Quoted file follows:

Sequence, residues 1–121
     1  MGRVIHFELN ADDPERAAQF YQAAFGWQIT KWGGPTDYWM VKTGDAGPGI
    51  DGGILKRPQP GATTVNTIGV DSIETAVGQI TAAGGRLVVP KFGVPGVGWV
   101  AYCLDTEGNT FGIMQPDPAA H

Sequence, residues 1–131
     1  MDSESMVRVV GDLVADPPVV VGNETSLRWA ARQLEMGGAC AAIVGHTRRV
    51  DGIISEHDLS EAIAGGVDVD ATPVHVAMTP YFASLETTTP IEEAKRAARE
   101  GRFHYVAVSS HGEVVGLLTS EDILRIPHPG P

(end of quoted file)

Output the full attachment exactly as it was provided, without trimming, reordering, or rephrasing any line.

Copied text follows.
Sequence, residues 1–121
     1  MGRVIHFELN ADDPERAAQF YQAAFGWQIT KWGGPTDYWM VKTGDAGPGI
    51  DGGILKRPQP GATTVNTIGV DSIETAVGQI TAAGGRLVVP KFGVPGVGWV
   101  AYCLDTEGNT FGIMQPDPAA H

Sequence, residues 1–131
     1  MDSESMVRVV GDLVADPPVV VGNETSLRWA ARQLEMGGAC AAIVGHTRRV
    51  DGIISEHDLS EAIAGGVDVD ATPVHVAMTP YFASLETTTP IEEAKRAARE
   101  GRFHYVAVSS HGEVVGLLTS EDILRIPHPG P